20071018 - Cubemap Concepts


(Lost the Image)

What Am I Looking At?
A fisheye projection (270 degree horizontal FOV I think) at 640x480 from a 224x224 cubemap (linear filtered) with a single pixel line pattern on each face. Basically a resolution test, areas of very strong moire patters are over-sampled compared to screen space, and areas of the flat line pattern are 1:1 or under-sampled. One more very important note, 640x480=300K and 224x224x6=294K.

A Fresh Idea
I've always been a fan of fisheye and wide angle projections, and the ability to see behind yourself in a game, especially a FPS, is just awesome. Like many good ideas, it has been done before, checkout Fisheye Quake. But it isn't done often. There is no projection transform in OpenGL which can output a fisheye projection. Fisheye projections also removes the ability to do a flat screen image space motion blur (the projection curves straight lines). Bottom line is that fisheye projections are cool, but deemed impractical.

However, with the ever faster GPU, rendering into a cubemap first, then projecting the fisheye is possible. And as can be seen above, for the equivalent number of pixels (single screen vs cube pixels), the output resolution is similar for ultra wide angles.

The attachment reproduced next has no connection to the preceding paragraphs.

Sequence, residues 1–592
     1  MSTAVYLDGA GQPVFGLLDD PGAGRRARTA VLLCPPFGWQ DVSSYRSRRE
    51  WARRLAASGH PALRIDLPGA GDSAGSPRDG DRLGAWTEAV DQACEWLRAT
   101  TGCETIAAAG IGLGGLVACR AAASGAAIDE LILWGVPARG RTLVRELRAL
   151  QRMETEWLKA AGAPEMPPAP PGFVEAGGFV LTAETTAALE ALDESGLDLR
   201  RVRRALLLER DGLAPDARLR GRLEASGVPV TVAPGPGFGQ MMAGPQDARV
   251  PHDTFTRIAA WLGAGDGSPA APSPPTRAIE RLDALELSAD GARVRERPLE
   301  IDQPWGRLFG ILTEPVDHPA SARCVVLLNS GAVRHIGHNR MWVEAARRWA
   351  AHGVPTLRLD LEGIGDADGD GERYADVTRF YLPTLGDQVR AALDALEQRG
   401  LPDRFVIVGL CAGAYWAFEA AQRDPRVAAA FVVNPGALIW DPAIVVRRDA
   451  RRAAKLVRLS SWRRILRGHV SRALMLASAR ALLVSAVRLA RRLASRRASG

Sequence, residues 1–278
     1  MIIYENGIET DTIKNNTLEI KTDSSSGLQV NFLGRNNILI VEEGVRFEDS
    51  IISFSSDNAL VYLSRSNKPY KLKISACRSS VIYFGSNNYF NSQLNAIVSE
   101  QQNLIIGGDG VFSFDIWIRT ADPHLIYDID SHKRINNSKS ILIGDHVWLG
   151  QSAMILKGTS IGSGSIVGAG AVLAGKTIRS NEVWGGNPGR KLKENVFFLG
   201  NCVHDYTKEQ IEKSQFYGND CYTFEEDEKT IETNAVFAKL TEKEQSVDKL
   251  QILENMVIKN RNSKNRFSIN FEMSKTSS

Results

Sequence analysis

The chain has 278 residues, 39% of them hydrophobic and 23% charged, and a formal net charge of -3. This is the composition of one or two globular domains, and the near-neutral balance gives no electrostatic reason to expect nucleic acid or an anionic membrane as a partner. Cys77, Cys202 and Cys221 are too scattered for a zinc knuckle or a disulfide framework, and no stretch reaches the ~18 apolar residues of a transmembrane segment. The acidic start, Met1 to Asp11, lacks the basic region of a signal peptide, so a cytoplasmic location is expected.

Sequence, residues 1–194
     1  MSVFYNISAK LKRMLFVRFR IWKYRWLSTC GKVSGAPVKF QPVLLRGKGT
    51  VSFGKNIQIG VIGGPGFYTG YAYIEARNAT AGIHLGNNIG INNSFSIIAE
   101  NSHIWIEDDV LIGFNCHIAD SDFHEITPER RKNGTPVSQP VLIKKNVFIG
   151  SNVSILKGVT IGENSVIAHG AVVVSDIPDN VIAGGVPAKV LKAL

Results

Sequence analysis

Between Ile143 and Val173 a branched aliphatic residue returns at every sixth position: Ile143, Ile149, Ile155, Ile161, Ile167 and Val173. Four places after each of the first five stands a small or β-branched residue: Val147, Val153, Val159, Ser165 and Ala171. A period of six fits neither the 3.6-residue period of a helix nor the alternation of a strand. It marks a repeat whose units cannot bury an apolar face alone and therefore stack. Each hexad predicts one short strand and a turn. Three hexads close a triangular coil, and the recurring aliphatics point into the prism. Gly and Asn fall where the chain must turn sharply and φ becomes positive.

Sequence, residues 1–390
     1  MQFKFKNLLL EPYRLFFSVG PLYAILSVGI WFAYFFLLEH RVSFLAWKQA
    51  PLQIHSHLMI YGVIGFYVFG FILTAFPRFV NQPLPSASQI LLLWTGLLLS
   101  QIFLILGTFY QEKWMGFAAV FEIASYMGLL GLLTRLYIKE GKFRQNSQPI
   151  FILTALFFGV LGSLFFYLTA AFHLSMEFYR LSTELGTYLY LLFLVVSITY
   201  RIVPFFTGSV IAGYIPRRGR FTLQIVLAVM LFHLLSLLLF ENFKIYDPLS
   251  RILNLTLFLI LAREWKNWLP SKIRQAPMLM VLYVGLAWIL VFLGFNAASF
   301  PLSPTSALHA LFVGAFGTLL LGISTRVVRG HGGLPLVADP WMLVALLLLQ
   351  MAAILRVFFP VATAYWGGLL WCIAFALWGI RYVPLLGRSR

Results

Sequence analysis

Pros and Cons
First obvious advantage of having a cubemap of the entire view surrounding a player is that now there is a free accurate environment map to use in lighting. And if the mipmap levels for the cubemap are generated, a LOD bias can be used in the environment map as a surface property for sharp or diffuse reflections. Another huge win with the cubemap in Atom is that I am planning on extending my physics to use cubemaps, so the geometry passes could be merged between the physics and drawing pass.

There are some serious challenges with cubemaps however. First the cubemap must be seamless for visual rendering. This is a serious problem for Atom. Atom's current rendering implementation uses many incorrect optimization hacks to basically composite motion blurred particles which reflect, bend, and emit light, all in screen space. And since these effects are not raytraced, rendering to the sides of the cubemaps would generate very bad seams where a particle crossed between two different image space planes.